And so, 22 years after we were first invited into the world of Jurassic Park, we are back peering into both the past and the future of dinosaurs. The question facing the filmmakers was how to recreate the excitement we all experienced when we first saw Tyrannosaurus Rex and co for the first time.
With the second and third installments being so disappointing, a fourth film was going to have to be bigger and better. And that’s reflected in the storyline. It opens with the park’s management worrying that despite packed-out crowds, something new and dramatic is needed to maintain people’s interest.
And so the scientists have created Indominus Rex, a sort of super dinosaur that contains the best traits of different dinosaurs and other modern animals all rolled into one. Stronger, smarter and faster than anything else in the park, the exact genetic mix is a big secret to everyone but the scientists involved.
Meanwhile, visiting the park for the first time are brothers Gray and Zach Mitchell. Gray (Ty Simpkins) is the excitable dinosaur geek, while his older brother Zach (Nick Robinson) is walking hormones. Bored stiff at the park, he instead eyes up all the teenage girls despite having a devoted girlfriend back home. They are supposed to be visiting their aunt Claire Dearing (Bryce Dallas Howard), the park’s operations manager, but she palms them off on an English assistant.
Claire is anxious to open the Indominus enclosure as an attraction. Jurassic World owner Simon Masrani (Irrfan Khan) has Owen Grady (Chris Pratt), the Velociraptor expert and trainer, take a look. Despite the obvious potential for problems, Owen is the only one asking the questions others are afraid to ask. It turns out that the Indominus has been raised in isolation and is therefore not particularly fond of human interaction or other dinosaurs. Indeed it solved the latter problem by eating its sibling.
With scratch marks going all the way up the wall, its tracking device broken and the dinosaur seemingly missing from its enclosure, Owen and two staff are asked to enter and investigate. Only the Indominus hasn’t escaped and has instead laid a trap. Keeping his wits about him, Owen is the only one to survive. Round 1 to the new dinosaur on the block.
With an armed guard team fatally unsuccessful, the Indominus getting closer to the public resort area and Grey and Zach missing after deliberating exploring an off-limits zone, the situation is spiraling out of control. Ideas for solutions are getting more desperate and extreme, so it falls to Owen and an increasingly determined Claire to save the day.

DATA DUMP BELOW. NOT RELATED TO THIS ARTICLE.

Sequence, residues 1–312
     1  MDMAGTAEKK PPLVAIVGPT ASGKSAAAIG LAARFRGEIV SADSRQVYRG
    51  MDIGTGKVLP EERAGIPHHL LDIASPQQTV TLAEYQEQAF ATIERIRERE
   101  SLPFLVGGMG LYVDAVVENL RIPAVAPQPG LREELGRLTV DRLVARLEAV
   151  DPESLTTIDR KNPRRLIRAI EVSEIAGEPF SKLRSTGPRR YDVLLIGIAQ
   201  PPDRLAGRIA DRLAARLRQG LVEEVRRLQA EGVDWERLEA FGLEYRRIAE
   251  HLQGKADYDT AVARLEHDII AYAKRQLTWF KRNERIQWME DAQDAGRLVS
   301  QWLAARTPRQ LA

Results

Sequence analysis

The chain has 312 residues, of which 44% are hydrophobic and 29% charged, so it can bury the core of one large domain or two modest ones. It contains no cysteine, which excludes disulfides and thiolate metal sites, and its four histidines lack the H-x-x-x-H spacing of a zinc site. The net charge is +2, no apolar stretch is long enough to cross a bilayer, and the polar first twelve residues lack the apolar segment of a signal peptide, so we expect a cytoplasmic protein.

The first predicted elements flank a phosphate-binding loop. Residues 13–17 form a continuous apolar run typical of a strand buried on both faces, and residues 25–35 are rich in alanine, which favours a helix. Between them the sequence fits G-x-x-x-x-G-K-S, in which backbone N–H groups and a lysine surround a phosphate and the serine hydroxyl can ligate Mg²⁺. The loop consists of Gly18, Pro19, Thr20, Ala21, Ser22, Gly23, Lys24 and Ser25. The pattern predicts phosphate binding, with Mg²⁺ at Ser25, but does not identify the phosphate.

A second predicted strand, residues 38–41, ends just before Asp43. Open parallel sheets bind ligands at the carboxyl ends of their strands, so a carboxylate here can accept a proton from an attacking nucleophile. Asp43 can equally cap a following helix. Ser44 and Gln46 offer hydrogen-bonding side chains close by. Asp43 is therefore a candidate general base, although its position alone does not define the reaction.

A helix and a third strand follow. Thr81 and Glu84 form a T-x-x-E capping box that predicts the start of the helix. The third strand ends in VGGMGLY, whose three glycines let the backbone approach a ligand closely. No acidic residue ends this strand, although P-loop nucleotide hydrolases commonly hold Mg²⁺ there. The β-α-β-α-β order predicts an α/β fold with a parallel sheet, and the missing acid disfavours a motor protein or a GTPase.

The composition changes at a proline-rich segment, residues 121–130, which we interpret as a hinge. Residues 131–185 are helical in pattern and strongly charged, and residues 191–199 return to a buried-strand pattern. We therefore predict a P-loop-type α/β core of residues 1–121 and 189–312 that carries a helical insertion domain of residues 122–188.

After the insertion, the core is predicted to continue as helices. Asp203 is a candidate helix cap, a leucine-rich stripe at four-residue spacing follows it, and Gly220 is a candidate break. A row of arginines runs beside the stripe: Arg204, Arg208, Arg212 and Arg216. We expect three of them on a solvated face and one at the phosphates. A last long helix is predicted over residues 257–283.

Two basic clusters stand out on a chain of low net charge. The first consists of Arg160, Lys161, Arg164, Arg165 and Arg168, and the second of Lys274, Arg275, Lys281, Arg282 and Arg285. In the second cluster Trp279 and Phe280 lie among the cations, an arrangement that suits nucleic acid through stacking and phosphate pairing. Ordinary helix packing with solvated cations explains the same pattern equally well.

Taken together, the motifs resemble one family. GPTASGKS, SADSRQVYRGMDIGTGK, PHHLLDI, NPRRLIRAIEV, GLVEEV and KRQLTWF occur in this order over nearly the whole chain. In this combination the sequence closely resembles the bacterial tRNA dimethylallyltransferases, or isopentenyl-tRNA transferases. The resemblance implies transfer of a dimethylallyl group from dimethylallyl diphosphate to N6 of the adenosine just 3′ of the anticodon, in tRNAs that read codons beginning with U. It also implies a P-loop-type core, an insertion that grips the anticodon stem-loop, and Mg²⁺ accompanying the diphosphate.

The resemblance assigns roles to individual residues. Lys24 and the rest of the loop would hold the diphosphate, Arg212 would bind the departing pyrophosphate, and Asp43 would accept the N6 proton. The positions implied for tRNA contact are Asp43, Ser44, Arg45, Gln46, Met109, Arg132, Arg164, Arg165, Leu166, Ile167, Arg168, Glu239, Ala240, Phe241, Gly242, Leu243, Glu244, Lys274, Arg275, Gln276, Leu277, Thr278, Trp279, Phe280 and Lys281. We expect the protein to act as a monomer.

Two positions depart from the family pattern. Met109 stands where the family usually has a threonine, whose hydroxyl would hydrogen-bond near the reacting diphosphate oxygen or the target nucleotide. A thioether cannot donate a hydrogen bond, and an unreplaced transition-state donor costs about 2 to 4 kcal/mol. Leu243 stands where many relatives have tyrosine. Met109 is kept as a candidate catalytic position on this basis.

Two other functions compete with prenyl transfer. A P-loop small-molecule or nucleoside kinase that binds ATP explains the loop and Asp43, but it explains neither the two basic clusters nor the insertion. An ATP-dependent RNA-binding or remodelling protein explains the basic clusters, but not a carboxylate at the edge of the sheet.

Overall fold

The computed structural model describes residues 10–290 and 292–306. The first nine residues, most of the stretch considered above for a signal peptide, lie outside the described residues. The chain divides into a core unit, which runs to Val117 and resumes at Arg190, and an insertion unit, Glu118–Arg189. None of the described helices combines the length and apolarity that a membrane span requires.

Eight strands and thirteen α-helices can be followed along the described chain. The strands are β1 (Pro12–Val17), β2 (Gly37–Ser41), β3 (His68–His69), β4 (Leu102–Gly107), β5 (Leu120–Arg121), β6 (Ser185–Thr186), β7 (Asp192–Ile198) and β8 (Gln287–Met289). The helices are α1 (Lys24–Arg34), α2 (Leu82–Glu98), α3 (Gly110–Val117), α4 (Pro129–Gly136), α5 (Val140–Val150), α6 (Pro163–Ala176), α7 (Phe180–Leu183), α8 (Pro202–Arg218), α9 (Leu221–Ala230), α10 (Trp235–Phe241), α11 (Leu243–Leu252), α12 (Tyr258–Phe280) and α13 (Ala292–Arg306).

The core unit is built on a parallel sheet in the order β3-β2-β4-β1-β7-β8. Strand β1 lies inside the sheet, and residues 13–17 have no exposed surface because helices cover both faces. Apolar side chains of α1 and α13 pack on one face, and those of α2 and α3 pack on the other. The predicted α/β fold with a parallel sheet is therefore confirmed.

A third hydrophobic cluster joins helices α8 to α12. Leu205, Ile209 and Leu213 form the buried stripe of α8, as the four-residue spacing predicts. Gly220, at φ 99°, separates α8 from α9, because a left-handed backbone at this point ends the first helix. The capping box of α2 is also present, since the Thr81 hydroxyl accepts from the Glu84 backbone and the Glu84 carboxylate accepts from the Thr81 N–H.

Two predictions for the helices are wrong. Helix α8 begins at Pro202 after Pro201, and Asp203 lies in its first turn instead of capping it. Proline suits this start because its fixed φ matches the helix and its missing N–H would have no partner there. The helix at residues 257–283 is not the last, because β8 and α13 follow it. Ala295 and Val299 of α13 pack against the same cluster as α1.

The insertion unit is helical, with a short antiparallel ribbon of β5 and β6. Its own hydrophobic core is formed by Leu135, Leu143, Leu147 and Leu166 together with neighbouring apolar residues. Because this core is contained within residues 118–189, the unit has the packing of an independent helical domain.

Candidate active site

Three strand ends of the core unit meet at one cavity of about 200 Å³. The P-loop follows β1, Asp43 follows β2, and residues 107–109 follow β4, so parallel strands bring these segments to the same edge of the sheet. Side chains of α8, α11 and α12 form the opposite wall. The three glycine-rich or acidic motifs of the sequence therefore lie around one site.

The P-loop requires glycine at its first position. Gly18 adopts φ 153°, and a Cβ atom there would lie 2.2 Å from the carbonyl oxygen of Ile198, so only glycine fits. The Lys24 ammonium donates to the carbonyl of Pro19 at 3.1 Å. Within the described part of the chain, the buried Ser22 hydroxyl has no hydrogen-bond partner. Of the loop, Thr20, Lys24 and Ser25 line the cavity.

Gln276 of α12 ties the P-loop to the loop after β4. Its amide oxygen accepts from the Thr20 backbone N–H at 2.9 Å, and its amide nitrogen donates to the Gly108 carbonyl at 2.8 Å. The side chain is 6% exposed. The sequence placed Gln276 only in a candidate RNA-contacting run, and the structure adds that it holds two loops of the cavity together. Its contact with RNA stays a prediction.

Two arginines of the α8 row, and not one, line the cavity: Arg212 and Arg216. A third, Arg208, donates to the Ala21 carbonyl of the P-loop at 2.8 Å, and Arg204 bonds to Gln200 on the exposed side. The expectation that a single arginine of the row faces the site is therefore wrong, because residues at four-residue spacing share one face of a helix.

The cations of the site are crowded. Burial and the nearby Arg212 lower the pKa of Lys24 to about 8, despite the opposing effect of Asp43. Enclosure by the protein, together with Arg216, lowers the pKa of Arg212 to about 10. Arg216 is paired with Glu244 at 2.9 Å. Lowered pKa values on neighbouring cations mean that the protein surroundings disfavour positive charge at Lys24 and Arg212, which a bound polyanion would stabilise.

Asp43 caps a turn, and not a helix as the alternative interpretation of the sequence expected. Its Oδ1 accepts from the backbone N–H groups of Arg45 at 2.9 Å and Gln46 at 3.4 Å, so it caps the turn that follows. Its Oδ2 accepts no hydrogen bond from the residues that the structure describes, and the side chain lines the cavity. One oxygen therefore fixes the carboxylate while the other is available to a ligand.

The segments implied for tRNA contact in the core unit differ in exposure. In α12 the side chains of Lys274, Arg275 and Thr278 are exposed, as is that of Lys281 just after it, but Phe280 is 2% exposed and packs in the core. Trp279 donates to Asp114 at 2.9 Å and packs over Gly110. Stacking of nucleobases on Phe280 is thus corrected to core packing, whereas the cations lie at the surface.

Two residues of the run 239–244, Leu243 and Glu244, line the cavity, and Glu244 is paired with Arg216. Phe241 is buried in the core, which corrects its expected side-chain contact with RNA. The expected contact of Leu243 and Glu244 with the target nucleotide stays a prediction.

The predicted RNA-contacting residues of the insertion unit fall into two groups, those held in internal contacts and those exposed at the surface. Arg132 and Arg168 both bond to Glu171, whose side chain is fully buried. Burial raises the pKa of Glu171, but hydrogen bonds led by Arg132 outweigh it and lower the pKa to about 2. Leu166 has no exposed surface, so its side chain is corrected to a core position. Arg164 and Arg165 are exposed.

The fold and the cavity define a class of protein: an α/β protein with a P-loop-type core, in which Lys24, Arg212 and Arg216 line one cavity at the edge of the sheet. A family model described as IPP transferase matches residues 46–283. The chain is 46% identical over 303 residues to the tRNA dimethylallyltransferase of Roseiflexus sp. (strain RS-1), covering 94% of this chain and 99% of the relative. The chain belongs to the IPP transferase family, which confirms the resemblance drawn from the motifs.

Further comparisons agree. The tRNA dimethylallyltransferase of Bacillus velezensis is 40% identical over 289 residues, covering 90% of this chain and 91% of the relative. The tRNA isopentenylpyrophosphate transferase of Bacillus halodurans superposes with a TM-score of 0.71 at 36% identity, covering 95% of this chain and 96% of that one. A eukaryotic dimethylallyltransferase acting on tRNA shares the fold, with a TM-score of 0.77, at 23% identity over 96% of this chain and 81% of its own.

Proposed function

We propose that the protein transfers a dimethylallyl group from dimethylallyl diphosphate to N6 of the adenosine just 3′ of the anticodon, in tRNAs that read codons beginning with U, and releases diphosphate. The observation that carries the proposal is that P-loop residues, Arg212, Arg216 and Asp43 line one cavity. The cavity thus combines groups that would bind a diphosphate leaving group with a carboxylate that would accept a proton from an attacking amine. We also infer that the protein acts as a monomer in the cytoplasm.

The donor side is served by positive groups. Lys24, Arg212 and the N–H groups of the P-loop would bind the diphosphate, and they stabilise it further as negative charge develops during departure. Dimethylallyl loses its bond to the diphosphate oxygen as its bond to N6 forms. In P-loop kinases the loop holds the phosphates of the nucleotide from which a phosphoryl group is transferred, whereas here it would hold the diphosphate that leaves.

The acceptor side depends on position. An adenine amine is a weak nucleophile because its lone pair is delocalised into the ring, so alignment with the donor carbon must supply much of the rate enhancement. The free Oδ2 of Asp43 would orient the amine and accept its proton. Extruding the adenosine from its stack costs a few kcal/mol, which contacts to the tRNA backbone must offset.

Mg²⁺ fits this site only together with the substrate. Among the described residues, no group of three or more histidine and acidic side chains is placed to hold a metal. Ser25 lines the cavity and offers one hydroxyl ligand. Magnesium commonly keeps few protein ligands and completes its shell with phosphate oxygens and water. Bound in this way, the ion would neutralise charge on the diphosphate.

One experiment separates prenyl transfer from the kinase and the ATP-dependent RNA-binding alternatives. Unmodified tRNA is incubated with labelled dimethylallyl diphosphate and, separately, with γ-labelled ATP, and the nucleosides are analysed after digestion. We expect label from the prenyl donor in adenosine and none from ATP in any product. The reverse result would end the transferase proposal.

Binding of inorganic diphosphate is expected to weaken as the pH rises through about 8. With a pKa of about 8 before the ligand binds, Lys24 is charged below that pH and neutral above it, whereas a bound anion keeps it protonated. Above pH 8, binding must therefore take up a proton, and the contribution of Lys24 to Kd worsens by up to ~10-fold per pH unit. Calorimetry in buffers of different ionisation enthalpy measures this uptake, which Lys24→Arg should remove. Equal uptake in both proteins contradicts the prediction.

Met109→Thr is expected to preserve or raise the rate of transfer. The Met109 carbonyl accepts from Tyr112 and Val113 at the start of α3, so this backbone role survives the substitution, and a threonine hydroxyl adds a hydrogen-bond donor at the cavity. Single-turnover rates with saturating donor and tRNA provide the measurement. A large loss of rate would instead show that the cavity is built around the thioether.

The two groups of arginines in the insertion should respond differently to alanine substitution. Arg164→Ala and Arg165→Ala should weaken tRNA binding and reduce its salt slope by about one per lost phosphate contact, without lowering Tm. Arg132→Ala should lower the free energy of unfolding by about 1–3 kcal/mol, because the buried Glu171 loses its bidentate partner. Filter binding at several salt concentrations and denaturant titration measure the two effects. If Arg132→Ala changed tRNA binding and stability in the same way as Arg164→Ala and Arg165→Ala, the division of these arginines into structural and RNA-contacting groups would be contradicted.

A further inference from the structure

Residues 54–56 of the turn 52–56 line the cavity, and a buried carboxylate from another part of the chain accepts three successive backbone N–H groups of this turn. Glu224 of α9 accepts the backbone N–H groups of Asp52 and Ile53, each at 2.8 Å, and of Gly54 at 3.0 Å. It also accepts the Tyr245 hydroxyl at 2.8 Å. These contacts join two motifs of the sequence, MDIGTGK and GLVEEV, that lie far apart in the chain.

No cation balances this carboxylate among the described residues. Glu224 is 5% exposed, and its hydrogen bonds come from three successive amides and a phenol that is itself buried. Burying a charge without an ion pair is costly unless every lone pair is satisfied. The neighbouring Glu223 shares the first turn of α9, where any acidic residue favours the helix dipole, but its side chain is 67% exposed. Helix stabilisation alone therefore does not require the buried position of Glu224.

Jurassic World does have some obvious flaws. The characters of Gray and beige, sorry, Zach could have been better developed. In their highly dramatic moments in the film, you realise how little attachment you have for either of them. The divorce aspect of their parents is unnecessary and feels like a lazy device to invoke sympathy. However, they really go to town on the rather sadistically extreme death of one of the film’s minor characters. The less said about Claire’s plausibility in high highs to outrun dinosaurs the better.
But it’s hard to be too critical when a film delivers on its promise. The dinosaurs, what we all came for, are spectacular. Chris Pratt revels in the high-octane and quick-thinking action hero role, and new Indiana Jones or not, clearly has a big future in blockbusters. Relatively unknown director Colin Trevorrow might have seemed a bold choice to control such an ambitious project, but he does a fantastic job in keeping us thrilled, terrified and enthralled. Irrfan Khan, better known for his work in Hindi cinema, was an inspired casting choice, with his charisma and charm fleshing out a minor role.
But the biggest delight is the park itself. The attention to detail in the attraction aspect of the park is superb. As an audience member, You really do feel like one of the visitors who has stepped into the world. Just like a trip to a real-life theme park should be, Jurassic World is fun, adventurous and exhilarating.